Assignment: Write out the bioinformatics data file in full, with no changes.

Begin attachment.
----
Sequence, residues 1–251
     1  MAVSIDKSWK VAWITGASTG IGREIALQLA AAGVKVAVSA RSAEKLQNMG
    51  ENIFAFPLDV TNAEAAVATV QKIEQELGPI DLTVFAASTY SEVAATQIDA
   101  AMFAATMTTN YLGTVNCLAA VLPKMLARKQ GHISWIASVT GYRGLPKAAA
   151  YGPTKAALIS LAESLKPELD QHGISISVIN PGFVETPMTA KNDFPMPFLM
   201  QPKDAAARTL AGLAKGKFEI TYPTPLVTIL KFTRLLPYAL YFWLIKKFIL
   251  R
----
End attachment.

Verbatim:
Sequence, residues 1–251
     1  MAVSIDKSWK VAWITGASTG IGREIALQLA AAGVKVAVSA RSAEKLQNMG
    51  ENIFAFPLDV TNAEAAVATV QKIEQELGPI DLTVFAASTY SEVAATQIDA
   101  AMFAATMTTN YLGTVNCLAA VLPKMLARKQ GHISWIASVT GYRGLPKAAA
   151  YGPTKAALIS LAESLKPELD QHGISISVIN PGFVETPMTA KNDFPMPFLM
   201  QPKDAAARTL AGLAKGKFEI TYPTPLVTIL KFTRLLPYAL YFWLIKKFIL
   251  R